I wanted to raise my hand and ask, “Your Honor, may I approach the bench?”
I was at the Scooter Libby trial to cover it, and all of a sudden, I found myself in the middle of the case. In his testimony today, former White House press secretary Ari Fleischer told the courtroom—which included me—that when I was a White House correspondent for Time magazine, he had told me that Joe Wilson’s wife worked at the CIA.
Everyone had heard about Robert Novak, Matt Cooper, and Judith Miller, the reporters who had received the Valerie Plame leak. But now Ari was saying I was in that club, too.
I have a different memory. My recollection is that during a presidential trip to Africa in July 2003, Ari and another senior administration official had given me only hints. They told me to go inquire about who sent Wilson to Niger. As far as I can remember—and I am pretty sure I would remember it—neither of them ever told me that Wilson’s wife worked at the CIA. In a piece I wrote about a year ago, I figured that the very reason I’d never been subpoenaed in the case or questioned by any lawyers was that I’d been given only vague guidance and not the good stuff.
So, what to do now that I’d heard Ari’s testimony? Should I stand? Should I shout a question at Ari? Should I walk from the press section into the witness box? Call a press conference? Get a lawyer?
Then, my picture was displayed on the big screen in the courtroom. The defense attorneys had put it up there to identify (and, apparently, punish) me. “I believe that’s Mr. Dickerson in the second row from the back of the courtroom,” said someone. Mr. Dickerson didn’t know who said it, because Mr. Dickerson was trying to make sense of a world suddenly turned upside down. (They used the publicity photo from my book. I like it on the book jacket, but blown up at such size, it transforms me into a guy who looks like his great ambition in life is to be a wristwatch model.)
So, why was Ari testifying about something that I don’t think ever happened? I don’t know. Ari asked for immunity from prosecution based on the idea that he’d told me and David Gregory of NBC that Wilson’s wife worked at the CIA, so Ari clearly believes he spilled the beans. But my memory is just the opposite. Could I have forgotten that Ari told me? I don’t think so. Here’s how I remember it:
I had talked to Ari on July 11 and remember him telling me to investigate who sent Wilson. When I landed in Nigeria late that night, I found a few e-mails from Cooper. He was trying to get me to call him and wouldn’t tell me why. I was a little irritated. I hadn’t eaten, didn’t trust the Nigerian food, and was filing to the Web site and closing three stories, including a long piece for the European edition that would run on the cover in Africa. But then, when I talked to Cooper, I learned why he wanted to get me on the phone. He had talked to Karl Rove, and Rove had told him about Wilson’s wife. (Cooper would talk to Libby the next day.) When I realized that, a light bulb went off in my head. I realized that was what Ari had been trying to point me toward in our earlier conversation. It made perfect sense: It immediately undermined Wilson’s report by making his errand look at best like nepotism and at worst like busy work from a CIA spouse who needed to find errands for her househusband. If Ari had told me that Wilson’s wife had sent him, Matt’s news wouldn’t have been new to me.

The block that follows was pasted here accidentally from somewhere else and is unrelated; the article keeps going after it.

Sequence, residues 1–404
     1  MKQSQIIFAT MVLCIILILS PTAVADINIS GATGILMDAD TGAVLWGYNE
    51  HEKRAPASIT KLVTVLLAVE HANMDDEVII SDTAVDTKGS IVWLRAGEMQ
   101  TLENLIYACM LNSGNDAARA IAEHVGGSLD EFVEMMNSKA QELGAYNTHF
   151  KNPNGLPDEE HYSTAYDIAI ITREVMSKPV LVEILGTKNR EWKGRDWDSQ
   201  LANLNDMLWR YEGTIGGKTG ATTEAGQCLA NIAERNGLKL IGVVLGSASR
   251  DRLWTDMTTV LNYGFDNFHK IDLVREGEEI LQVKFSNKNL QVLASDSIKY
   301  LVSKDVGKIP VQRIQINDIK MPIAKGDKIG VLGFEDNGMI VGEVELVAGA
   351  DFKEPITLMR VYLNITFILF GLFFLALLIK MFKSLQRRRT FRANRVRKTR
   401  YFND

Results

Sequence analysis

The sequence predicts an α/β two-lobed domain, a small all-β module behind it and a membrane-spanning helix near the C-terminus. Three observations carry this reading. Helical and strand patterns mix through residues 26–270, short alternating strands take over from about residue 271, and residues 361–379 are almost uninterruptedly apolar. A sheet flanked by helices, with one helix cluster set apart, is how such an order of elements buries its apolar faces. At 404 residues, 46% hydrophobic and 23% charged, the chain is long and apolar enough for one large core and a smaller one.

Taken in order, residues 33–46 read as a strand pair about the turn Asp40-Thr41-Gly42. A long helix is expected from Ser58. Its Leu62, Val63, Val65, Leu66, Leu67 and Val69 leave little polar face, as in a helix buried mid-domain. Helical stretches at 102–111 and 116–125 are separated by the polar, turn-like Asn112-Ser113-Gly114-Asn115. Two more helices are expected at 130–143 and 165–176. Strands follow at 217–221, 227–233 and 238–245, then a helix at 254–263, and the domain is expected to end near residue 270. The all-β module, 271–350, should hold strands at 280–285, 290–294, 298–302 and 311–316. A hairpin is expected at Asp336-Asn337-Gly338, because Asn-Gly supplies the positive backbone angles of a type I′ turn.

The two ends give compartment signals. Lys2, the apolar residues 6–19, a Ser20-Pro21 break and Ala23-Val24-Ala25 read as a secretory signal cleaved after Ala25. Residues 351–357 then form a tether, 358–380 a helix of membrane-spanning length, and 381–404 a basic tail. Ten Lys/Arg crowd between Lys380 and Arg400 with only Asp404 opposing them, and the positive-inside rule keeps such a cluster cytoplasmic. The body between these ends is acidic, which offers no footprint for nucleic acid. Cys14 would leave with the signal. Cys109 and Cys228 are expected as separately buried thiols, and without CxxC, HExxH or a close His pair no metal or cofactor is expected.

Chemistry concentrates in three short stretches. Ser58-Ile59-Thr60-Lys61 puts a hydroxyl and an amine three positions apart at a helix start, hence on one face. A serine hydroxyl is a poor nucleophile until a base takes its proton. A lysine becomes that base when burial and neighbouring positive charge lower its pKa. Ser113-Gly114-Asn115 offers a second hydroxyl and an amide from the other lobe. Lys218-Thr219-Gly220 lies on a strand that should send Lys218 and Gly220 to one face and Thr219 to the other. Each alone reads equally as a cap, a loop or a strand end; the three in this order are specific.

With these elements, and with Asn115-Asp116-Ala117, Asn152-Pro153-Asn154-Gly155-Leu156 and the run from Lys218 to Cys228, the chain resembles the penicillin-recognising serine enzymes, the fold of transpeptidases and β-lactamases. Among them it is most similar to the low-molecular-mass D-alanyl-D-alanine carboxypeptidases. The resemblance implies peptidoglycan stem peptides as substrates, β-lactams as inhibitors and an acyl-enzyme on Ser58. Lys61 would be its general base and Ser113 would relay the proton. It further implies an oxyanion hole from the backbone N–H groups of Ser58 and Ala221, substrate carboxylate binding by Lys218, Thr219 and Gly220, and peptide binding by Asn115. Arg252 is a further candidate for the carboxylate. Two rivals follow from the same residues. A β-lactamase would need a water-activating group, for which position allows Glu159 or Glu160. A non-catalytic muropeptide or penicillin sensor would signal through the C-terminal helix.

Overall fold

I was not so tired that I lacked a competitive pang: Matt and I were working on the same story, and he had gotten the better dirt. If Ari had told me about the wife, I certainly would have quickly pointed out to Matt that he was only telling me something I already knew. (This is, after all, is my heritage. I grew up in Washington, where no one admits they don’t know something.)
So, how to explain Ari’s testimony? I’ve covered him for 12 years, since I reported on tax policy and he was a spokesman for the Ways and Means committee, and he’s never lied to me. Shaded, wiggled, and driven me around the bend with his spin, yes. (I wasn’t a fan of his book, either.) But he never outright lied, and I don’t see how it would be in his interest here. More likely, he admitted to prosecutors more than he may have actually done because better to err on the side of assuming he disclosed too much than assuming he gave over too little.
How does Ari’s testimony affect the perjury and obstruction of justice case against Libby? It certainly complicates it. For starters, when this piece appears, it may get me out of my press seat and into that uncomfortable little witness box. It hurts the prosecution if Ari admitted something he didn’t do, because they’re relying on his memory. Libby is on trial for saying he didn’t know about Wilson’s wife and that he learned it from NBC’s Tim Russert. Fleischer contradicts that. He claims that Libby told him about Wilson’s wife at a lunch in early July, long before Libby ever talked to Russert. If they can poke holes in Ari’s recollection of what he told me, they can raise doubts about what Ari remembers Scooter telling him.
But this isn’t universally good news for the defense. Russert says he couldn’t have told Libby about Wilson’s wife, because he didn’t know she worked for the CIA. The defense contends that Gregory might have told Russert about Plame following his conversation with Ari. But if Ari didn’t tell Gregory and me about Plame, then Gregory couldn’t have passed the information on to Russert.
Only moments before Ari’s surprise disclosure, I had been trying to figure out what my lede would be for today. I enjoyed seeing Ari have to answer questions under oath, which he never had to do in the White House briefing room. As a reporter, I’d always tried to put him in the witness box, and he always climbed out. Now he may have put me in there.